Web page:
After studying the IRS form and instructions
, I see no obstacles to claiming the tax credit for Solar
Electric equipment (and cost of the labor to install it) that is used at a second home. Furthermore, an RV or trailer with kitchen, bath and sleeping facilities does qualify as a (usually second) home (as long as you actually live in it at times, its not a business property, etc.). Disclaimer: I am not a tax professional and you should not take this as advice or counsel, but instead only my opinion, and offered only for discussion.
The requirement for certification by the Solar
Rating and Certification Corporation (SRCC) or a comparable entity, that I mentioned in post 43
, is listed in the IRS instructions for Solar Water Heating, but not for Solar Electric, so on second look, I believe that said certification is not required for a solar cell / electric setup. (Note that geothermal heat pumps need to meet the requirements of the Energy Star program and fuel cells also have an efficiency requirement)
The question arises, does the solar equipment need to be permanently installed, or do portable panels also qualify? The IRS instructions state:
Qualified solar electric property costs are costs for property that uses solar energy to generate electricity for use in your home located in the United States. (Non-pertinent verbiage deleted.) The home does not have to be your main home.
Nowhere in the instructions do I see a requirement that the equipment be permanently affixed or installed, only that it is used to generate electricity for the home. One manufacturer issues an eligibility certificate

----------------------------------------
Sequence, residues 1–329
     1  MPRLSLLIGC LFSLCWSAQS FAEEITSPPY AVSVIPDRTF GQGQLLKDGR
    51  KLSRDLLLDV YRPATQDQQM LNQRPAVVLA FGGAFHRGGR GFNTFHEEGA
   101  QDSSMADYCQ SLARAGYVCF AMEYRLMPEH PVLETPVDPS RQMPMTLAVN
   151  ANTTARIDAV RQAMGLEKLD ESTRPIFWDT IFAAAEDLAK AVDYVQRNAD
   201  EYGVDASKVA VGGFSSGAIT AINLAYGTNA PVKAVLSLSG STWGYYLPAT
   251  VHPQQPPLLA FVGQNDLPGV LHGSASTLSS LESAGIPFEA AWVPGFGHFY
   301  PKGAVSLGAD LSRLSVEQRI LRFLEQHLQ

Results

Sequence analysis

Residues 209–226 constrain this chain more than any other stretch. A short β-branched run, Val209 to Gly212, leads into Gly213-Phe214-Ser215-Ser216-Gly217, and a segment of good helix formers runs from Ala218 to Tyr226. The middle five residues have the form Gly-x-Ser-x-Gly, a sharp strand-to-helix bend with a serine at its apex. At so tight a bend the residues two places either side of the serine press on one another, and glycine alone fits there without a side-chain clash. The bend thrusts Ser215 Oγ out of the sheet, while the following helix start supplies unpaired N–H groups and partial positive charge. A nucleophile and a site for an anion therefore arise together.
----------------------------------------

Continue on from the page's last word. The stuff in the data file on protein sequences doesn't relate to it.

for their portable units as long as the portable unit is used “...in or in connection with a qualifying dwelling unit.” I would even argue that a portable unit that is used for powering my part time residence (known as a Scamp
trailer) is even more qualified for the tax credit if I also use it at my main home for charging my cell phone or the like.
My solar unit will allow me to be off grid more often, and that translates to less use of shore power which is consistent with the intent of the tax credit. It also helps to stimulate R&D in the field which I believe is also an objective of the financial incentive. I will admit however that when I got my Economic Stimulus check in 2008
, I did not use it to stimulate the economy. Instead I put the money in the bank. I am philosophically opposed to using the tax code for social engineering and I guess I don’t care what the intent of the tax rebates or credits are as long as I legally qualify for them. That qualification was the focus of my postings.